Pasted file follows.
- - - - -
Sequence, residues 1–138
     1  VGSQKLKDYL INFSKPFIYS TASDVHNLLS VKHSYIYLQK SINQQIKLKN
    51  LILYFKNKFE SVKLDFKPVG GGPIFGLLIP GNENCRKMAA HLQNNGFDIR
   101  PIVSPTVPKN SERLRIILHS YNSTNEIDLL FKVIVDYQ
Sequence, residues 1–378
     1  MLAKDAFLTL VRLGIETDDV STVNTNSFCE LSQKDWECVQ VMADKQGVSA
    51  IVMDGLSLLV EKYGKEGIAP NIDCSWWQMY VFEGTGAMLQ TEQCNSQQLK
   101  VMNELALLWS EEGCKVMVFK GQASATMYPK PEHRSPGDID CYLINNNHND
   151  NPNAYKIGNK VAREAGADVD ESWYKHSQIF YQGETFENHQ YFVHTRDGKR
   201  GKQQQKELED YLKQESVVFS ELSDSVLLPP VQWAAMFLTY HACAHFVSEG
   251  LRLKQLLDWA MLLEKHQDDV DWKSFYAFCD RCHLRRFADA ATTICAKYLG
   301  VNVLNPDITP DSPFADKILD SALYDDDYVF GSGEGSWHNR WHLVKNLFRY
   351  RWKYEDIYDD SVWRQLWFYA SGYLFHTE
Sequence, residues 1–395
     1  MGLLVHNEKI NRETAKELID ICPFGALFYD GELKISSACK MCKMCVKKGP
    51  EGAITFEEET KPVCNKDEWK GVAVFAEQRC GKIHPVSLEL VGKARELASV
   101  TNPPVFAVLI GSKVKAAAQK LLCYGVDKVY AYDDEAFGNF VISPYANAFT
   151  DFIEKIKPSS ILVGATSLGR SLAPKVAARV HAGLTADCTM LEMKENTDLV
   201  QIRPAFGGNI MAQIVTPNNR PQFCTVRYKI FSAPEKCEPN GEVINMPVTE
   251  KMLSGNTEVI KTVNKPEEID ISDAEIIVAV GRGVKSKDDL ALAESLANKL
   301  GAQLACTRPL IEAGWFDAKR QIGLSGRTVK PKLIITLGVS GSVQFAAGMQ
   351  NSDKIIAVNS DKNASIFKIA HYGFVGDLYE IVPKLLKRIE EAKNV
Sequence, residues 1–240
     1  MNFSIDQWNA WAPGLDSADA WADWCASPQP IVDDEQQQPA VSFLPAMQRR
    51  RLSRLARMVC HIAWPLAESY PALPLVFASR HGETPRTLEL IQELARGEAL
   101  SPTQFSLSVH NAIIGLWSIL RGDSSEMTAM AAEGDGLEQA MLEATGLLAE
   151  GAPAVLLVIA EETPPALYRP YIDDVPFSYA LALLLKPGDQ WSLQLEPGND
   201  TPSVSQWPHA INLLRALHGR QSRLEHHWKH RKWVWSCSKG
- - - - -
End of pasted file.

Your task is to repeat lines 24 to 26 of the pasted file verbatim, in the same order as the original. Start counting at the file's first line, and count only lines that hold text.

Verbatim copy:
     1  MNFSIDQWNA WAPGLDSADA WADWCASPQP IVDDEQQQPA VSFLPAMQRR
    51  RLSRLARMVC HIAWPLAESY PALPLVFASR HGETPRTLEL IQELARGEAL
   101  SPTQFSLSVH NAIIGLWSIL RGDSSEMTAM AAEGDGLEQA MLEATGLLAE